Unbridled. Unsaddled. Barefoot and at full gallop. After a few days of languid indulgence on the resort grounds, this thundering run is jarring me awake to my surroundings. Awake to Sumba. The real Sumba. The one I’d nearly forgotten. Sumba is one of the poorest places on Earth. Downtrodden and diseased. Ancient tribes battling with swords and spears on horseback. Animal sacrifices. Megalithic burials. Stone Age culture. It’s beautiful and barbaric. Yet here we sip lychee martinis on the porch. Eat crab cakes and chocolate mousse on a perch overlooking our private surf break. Jet Skis and infinity pools. Pedicures and warm cookies. But the maddest part of this whole lavish sacrilege is that it’s entirely humanitarian. With each oyster shooter, I am saving children. With each in-room massage, I diminish the burden of impoverished families. I’m building bridges, curing disease and easing the suffering of an entire culture. And it feels so good. Clinging desperately to the horse beneath me, I am actually saving Sumba. If I can only survive this ride.“We’re running this entire place on coconuts.” Claude Graves is a man of vision. He waves a hand at the resort he founded, Nihiwatu, which blends into the scenery. “Sure, I could be buying diesel at half the price, but that’s not the point.”
Locals harvest the coconuts. The Sumba Foundation turns them into bio-diesel. The resort buys the power. Guests get all-night air conditioning and a thumping sound system. Locals get a decent wage. Everybody benefits. And that is the point — which pretty well sums up Nihiwatu. Despite fivestar luxury, everything reciprocates with the local culture. Not that you’d notice. Lounging beside the pool. Strolling the ivory beaches. Reeling in a marlin or trading set waves. The Nihiwatu experience short-circuits notions of electricity altogether. Candles and bonfires replace flat-screens and Wi-Fi. Subtle lighting and AC barely disrupt the starlight and ocean breeze. Tranquility so absolute that …
Claude is about to say more, but he stops. He’s not boastful, but he is passionate. Nihiwatu isn’t just his resort. It’s his life. His gift. To his guest and to this Indonesian island. And we’re peeling off the wrapping one piña colada at a time. Sunset is fading. The night’s first pinholes pierce the sky. Second piña coladas slide down the bar. A bonfire blazes on the grassy bluff as surfers hunt a final ride. Our group includes a billionaire investment banker, a Hollywood actor, a honeymooning shoe designer and a pair of surf-bumming real-estate developers. Everyone has a story, but all eyes land on our host as he recounts Nihiwatu’s rough-hewn origin.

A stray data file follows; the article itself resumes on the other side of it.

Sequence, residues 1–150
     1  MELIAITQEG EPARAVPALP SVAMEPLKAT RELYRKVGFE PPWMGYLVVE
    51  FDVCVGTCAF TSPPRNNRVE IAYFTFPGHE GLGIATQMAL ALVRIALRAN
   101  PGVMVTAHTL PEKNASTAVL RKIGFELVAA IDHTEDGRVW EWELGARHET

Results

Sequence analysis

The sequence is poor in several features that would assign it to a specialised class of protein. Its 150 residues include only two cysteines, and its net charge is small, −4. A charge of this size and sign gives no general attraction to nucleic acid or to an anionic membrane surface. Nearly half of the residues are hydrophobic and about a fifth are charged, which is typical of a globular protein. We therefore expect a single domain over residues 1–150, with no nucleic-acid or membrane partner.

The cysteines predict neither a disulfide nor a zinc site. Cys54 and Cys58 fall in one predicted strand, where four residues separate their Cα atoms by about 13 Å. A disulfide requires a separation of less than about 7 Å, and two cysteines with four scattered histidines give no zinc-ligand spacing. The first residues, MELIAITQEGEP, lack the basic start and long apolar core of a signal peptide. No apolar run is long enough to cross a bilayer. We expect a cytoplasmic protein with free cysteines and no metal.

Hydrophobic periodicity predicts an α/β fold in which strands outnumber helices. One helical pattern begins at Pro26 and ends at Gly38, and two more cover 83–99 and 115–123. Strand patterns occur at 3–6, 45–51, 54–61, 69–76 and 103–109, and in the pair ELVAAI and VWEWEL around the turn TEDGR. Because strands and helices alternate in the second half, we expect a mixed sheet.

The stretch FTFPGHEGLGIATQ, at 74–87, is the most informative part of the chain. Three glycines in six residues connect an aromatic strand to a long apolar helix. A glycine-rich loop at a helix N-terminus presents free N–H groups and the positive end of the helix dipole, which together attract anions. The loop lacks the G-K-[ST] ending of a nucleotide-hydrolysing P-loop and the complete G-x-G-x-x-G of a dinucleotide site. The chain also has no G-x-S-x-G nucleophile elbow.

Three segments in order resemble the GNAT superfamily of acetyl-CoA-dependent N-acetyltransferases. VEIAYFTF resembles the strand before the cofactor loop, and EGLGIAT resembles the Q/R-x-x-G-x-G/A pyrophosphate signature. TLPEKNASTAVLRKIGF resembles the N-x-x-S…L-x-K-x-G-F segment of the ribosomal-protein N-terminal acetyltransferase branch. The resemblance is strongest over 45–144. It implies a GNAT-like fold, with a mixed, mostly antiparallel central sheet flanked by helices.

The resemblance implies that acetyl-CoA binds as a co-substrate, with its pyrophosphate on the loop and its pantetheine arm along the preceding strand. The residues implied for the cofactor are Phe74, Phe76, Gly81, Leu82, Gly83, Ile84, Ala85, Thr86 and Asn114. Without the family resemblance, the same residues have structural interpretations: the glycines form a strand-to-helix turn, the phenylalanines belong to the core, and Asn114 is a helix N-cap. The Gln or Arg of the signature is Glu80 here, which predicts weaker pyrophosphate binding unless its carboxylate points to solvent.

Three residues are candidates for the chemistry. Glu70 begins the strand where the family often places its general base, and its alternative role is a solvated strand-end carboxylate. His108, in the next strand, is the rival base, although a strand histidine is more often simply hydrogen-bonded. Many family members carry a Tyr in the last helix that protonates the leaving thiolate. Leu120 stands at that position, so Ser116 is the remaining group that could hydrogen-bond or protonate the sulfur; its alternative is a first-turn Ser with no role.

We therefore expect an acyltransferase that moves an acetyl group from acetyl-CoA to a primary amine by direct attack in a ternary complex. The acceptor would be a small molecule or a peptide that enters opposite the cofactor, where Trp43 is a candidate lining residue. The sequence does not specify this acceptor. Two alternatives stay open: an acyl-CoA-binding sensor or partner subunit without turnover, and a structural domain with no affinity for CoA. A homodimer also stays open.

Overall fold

A Jersey-grown surfer, Claude walked a traveler’s life — building oil rigs in Java, pioneering Bali in the ’70s, running a nightclub in Kenya, living as a ski bum in Seattle. In the mid-’80s, he and his wife, Petra, set out with a pair of around-the-world tickets and a lofty dream for a surf resort where women don’t wind up widowed on the beach. A native experience where culture isn’t trampled. An “eco-resort” before such a term existed.
“We had this whole list of requirements,” Claude explains. “Remote and secluded. Primitive culture. Perfect sand.”
On cue, everyone checks the sandy floor. It’s pure white, but not too fine, not too coarse. Silky but not squeaky.
“We took samples everywhere,” he says. “I still have all the vials. Nihiwatu has the most perfect sand in the world.”
Philippines, Africa, Indonesia — Claude and Petra were touring coastlines on the moon. In each locale they’d hire guides, take buses, hike in, camp out — whatever it took, and more, to reach the unreachable. When their path fell into the sea, Claude would paddle out with a surfboard and mask to explore the reefs and sample the waves.
In those days, just getting to Sumba, tucked in the Lesser Sunda Islands, was an adventure. By bus and then on foot, Claude and Petra wandered remote and untested regions populated by fierce tribes. On their second Sumba trip, they found this bay. Perfect waves. Perfect sand. Their holy grail. And then it got really tough. They built roads. They wooed local government. They evolved from a few workers to a staff of 300. Founding Nihiwatu became their lives. Robinson Crusoe meets Frank Lloyd Wright. It took 10 years before Nihiwatu was ready to open in